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Old 26th September 2011, 03:39 PM   #1
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Default Help understanding "Suspension Limited"

Elsewhere, in regard to a 9mm xmax "subwoofer" driver I'm considering, I was told that ..

Quote:
X-max figures can be misleading. This woofer is suspension-limited which means it cannot reach 9mm in a linear fashion.
I tried looking up information on that but it's scant online. I understand that the concept is pretty elementary, the suspension limits the excursion before the coil can actually bottom out, but why the speaker is designed in that way vs allowing the cone to actually reach full stop against the backing plate or, more significantly, how this design actually affects performance, is not explained.

Quote:
...it cannot reach 9mm in a linear fashion
By "in a linear fashion" does this suggest that a design that was not "suspension limited" would maintain linearity while approaching, and meeting, xmax, a whole lot better than the suspension-limited design? So why make the driver this way apart from providing extra protection to the voice coil? Or maybe the question could also be asked..... why would a subwoofer driver not be designed with suspension limiting unless this trade off were significant?

Basically my question is.. is the curve of power required to move the cone much steeper in a suspension limited design than one that is not? Is the driver much more distortion prone and non linear nearing xmax in such a design? It only stands to reason that in the suspension limited design, as well as the non "SL" design, all other things being equal, including xmax, the first few mm of cone travel in either direction would encounter very close to the same resistance from the suspension in both designs. But the last few mm approaching xmax would encounter considerably more resistance from the suspension in the SL design. The suspension is doing a lot more "reining in" at this point, and the quote above would seem to suggest that it's linearity is correspondingly deteriorating.

Last edited by peace brainerd; 26th September 2011 at 03:57 PM.
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Old 26th September 2011, 04:19 PM   #2
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Quote:
Originally Posted by peace brainerd View Post
...and the quote above would seem to suggest that it's linearity is correspondingly deteriorating.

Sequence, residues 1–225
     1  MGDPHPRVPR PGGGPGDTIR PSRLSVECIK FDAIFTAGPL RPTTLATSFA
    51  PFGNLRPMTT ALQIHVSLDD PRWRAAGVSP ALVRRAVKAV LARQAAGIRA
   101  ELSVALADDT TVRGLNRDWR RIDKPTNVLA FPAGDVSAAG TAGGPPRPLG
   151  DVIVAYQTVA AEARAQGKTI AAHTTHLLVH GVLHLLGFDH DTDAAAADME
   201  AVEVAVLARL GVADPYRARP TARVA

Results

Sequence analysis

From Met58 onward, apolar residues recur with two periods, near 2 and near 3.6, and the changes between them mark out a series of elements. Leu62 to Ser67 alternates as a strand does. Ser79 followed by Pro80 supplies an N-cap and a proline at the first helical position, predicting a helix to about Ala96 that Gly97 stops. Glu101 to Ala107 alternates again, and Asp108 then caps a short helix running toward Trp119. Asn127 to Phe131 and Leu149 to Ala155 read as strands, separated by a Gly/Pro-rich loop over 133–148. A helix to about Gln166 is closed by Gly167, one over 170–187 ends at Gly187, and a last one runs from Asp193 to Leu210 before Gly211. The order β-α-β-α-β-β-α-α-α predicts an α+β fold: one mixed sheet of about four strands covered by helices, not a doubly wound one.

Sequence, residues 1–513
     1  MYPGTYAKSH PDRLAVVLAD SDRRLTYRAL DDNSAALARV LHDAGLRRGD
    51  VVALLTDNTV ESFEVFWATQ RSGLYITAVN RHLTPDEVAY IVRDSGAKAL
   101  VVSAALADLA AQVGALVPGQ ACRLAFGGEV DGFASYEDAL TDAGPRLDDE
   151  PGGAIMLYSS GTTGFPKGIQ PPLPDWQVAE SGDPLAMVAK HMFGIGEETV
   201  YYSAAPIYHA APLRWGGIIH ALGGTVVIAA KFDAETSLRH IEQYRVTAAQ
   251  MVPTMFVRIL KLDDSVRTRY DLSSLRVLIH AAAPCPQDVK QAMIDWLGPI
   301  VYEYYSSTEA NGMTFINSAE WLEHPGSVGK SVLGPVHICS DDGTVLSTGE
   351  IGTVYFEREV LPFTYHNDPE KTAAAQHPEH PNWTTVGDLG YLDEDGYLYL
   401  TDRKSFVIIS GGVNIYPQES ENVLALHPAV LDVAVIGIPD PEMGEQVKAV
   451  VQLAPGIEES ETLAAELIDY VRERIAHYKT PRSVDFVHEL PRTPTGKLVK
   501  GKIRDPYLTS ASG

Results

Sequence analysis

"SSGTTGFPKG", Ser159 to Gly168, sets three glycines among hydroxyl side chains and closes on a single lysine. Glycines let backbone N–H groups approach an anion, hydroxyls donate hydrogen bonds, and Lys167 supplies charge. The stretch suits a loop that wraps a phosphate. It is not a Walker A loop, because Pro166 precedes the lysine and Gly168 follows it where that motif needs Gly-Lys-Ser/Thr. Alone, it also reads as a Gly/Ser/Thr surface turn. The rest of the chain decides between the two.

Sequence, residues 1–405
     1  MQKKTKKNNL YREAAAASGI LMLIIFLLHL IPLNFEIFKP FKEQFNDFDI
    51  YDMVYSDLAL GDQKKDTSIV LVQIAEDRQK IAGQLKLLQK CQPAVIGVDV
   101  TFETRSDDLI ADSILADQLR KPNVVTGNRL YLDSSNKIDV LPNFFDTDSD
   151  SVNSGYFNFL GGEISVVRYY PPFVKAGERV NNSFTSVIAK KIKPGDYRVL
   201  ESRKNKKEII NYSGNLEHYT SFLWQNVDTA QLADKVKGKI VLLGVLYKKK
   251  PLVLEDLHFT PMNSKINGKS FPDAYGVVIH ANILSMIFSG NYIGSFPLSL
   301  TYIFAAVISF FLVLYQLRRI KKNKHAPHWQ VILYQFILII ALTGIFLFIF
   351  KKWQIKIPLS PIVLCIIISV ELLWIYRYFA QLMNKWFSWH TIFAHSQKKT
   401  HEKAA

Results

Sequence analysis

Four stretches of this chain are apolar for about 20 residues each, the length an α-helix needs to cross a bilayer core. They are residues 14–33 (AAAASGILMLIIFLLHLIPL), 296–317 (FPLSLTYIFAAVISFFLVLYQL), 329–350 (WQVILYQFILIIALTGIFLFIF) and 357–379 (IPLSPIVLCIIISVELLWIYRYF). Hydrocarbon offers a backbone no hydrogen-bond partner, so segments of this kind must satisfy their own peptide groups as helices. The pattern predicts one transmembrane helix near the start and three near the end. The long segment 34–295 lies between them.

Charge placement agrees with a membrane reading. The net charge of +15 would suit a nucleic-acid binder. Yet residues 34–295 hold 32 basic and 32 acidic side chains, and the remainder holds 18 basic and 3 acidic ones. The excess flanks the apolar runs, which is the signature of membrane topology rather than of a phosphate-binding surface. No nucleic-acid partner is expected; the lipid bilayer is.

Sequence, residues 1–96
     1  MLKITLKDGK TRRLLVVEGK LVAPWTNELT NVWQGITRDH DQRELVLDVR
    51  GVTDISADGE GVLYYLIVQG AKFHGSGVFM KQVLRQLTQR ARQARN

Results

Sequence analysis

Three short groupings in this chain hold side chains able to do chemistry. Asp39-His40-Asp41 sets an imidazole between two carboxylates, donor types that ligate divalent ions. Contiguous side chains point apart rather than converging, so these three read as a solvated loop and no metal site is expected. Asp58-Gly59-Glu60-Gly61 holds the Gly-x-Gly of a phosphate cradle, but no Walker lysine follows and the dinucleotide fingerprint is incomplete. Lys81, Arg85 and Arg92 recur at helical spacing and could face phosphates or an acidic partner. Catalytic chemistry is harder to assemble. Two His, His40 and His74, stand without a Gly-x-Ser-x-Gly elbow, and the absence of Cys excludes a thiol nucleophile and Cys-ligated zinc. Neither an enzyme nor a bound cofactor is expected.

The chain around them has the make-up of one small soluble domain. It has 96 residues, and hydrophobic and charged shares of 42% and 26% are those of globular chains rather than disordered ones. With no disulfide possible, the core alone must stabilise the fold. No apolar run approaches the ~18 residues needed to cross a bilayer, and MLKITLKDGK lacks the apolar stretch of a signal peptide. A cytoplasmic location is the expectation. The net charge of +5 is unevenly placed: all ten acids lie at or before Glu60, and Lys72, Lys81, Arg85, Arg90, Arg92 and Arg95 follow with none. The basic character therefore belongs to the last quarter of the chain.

Spot on. Most drivers loose linearity at high excursions, though "suspension limited" may mean different things. As well as your definition above, it may also mean that the driver will travel further than the stated Xmax, but the suspension may then be damaged, so in a way, exactly the opposite. Best just to design a system to give you a good margin of safety either way.
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Old 26th September 2011, 04:47 PM   #3
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I assume this is in response perhaps to the vifa drive unit. I too had wondered why they'd chosen quite a small half roll surround as it would appear to get in the way at the rated xmax.

One thing that's perhaps worth clarifying here is that Xmax denotes the linear portion of the woofers excursion, where the gap (in an underhung motor) still has coil filling 100% of it's height. Usually the Xmax is exceeded long before you'd whack the coil into the back plate or similar and this is defined as the Xmech.

Either way you would expect a driver to come with suspension elements that would act in a linear way for all of the drivers rated Xmax and then perhaps, to offer a degree of protection, act to put the breaks on before you hit Xmech.

I find it a surprise that vifa would design a seemingly high end driver that would display significantly degraded performance due to the limitations of the suspension. It could very well be that the degradation, (if any actually exists) is only very small. I'd have thought that vifa would have experimented with a larger surround if it seemed at all necessary, but then you don't know. Then again the suspension can do more then simply acting to keep the moving parts in alignment, so perhaps a smaller surround was chosen for other reasons.

Limitations of the suspension will only come into things at high drive levels though and if these exclude 20hz explosions and pipe organs then you're unlikely to encounter them with just music, that is unless you listen at mad SPLs.
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Old 27th September 2011, 05:15 PM   #4
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Quote:
Originally Posted by 5th element View Post
I assume this is in response perhaps to the vifa drive unit. I too had wondered why they'd chosen quite a small half roll surround as it would appear to get in the way at the rated xmax.